"She is stubborn when it comes to doing exactly what our forefathers did when making embroidery," says Heo Dong-wha, director of the Korea Embroidery Museum. "Sometimes it seems like she's walking a lonely path."
Ms. Yoo laments that many embroidery works nowadays are farmed out to Chinese seamstresses just to save money.
Finally, in 1987, Ms. Yoo entered college, enrolling in Korea National Open University. There she took courses in Buddhist art at Dongguk University. An avid traveler, Ms. Yoo spent the late 1980s and 1990s traveling all over the country, visiting historical monuments and cultural heritage sites in order to "be inspired by our nation's wonderful traditional culture," she says. "There's not a historic locale I've not visited at one time or another."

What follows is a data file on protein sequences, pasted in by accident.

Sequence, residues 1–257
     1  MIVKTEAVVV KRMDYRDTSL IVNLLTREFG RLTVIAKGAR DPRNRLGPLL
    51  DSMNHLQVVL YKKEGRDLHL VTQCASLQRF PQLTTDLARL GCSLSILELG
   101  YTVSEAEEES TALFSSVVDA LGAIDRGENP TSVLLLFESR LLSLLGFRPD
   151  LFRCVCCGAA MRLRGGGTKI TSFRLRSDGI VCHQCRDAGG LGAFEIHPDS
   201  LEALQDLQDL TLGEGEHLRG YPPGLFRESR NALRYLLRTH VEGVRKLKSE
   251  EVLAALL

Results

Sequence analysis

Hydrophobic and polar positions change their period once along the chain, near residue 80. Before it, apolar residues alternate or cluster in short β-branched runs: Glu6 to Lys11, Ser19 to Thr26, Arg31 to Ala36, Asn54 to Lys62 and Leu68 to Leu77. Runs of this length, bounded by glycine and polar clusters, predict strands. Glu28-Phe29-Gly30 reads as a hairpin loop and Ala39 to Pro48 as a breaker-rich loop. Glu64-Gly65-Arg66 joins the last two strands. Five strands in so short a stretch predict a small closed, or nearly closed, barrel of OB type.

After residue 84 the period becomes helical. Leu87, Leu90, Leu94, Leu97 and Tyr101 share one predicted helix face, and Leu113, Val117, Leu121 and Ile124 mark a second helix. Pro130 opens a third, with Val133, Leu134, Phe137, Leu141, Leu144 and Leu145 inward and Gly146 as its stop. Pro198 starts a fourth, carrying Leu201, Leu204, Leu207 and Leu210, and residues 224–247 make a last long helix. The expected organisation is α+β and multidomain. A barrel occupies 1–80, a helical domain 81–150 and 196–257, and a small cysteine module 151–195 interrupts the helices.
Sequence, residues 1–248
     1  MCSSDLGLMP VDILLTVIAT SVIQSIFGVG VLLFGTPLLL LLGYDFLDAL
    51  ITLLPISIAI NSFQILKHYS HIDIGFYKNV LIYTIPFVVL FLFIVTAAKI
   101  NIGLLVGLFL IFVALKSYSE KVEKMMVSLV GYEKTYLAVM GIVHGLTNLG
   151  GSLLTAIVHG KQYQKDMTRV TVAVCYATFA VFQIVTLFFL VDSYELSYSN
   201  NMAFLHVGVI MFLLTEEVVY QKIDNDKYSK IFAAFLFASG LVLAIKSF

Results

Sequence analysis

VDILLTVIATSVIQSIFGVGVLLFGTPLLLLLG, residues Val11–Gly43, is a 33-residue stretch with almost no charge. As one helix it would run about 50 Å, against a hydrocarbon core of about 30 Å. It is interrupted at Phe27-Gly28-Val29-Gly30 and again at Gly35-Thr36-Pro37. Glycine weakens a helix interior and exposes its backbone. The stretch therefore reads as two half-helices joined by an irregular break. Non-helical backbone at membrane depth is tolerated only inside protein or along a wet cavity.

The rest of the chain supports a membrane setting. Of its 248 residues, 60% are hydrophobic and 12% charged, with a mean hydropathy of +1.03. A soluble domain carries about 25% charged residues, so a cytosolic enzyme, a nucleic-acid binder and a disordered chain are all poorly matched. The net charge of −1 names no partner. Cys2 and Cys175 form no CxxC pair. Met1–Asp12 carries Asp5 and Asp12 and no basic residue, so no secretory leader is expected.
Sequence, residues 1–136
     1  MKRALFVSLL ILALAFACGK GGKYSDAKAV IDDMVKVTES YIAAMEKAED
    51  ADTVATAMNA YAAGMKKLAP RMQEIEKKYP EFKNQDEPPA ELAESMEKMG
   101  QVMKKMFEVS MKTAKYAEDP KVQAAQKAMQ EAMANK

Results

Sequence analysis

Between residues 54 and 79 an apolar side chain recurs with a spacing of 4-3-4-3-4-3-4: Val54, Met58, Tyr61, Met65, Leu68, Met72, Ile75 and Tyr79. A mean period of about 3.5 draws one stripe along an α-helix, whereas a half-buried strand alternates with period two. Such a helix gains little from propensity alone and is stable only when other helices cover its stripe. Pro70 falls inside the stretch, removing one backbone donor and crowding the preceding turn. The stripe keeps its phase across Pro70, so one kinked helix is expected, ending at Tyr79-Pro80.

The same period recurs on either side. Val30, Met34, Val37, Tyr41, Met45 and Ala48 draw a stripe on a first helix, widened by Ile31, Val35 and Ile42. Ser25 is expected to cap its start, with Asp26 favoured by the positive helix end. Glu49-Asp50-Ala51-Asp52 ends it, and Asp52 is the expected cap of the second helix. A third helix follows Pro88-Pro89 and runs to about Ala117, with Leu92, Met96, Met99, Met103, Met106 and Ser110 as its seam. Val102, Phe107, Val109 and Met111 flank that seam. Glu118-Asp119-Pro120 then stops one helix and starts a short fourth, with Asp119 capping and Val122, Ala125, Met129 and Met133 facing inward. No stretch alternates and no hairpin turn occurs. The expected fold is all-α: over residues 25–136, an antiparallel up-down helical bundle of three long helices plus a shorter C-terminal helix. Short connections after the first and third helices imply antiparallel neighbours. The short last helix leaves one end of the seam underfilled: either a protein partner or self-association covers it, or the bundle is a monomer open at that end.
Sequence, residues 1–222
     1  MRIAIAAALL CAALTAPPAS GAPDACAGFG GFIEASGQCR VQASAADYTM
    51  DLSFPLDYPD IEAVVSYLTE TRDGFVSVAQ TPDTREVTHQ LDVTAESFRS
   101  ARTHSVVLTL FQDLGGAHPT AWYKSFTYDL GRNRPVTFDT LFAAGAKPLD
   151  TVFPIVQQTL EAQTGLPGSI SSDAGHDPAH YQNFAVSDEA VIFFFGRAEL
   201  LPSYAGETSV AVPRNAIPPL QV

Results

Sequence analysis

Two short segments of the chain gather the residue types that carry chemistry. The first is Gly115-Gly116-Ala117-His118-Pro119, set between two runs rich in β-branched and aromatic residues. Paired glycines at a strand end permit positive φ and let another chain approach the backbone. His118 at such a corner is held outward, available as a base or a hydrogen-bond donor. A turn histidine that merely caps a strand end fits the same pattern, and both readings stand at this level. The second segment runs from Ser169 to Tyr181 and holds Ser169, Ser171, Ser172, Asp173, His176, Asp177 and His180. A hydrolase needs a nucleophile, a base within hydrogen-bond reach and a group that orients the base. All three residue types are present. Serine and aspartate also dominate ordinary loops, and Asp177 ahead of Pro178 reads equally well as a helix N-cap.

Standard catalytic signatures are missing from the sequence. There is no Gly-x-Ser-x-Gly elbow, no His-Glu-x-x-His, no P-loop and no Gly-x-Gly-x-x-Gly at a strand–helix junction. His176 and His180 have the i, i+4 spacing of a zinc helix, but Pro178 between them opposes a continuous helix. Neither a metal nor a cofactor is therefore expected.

Ms. Yoo also felt a certain national spirit that came upon her when she would look at old temples and relics, and much of her work has been inspired by ancient artifacts.
To Ms. Yoo, becoming a traditional embroidery seamstress meant carrying out the traditions of her ancestors and preserving the ancient craft that distinguishes the peninsula's culture. "You have no idea how patriotic I am," she says. "I have a strong sense of national pride in me. I believe my task is to retain and transfer the skills of traditional embroidery."
For that she has a full-time disciple like Ms. Kim, students who learn from her regularly, as well as five or six foreign students. Asked if she speaks good English to her foreign students, she laughs heartily. "You don't need English skills to teach students," she says. "Learning embroidery can be done by feel and gestures."
Ms. Yoo plans to hold a solo exhibition of her private collections in the next two or three years. For that she will need to dig up old works she has kept in her bureau. "You know, what manufacturers call inventory are priceless artifacts for me."
by Choi Jie-ho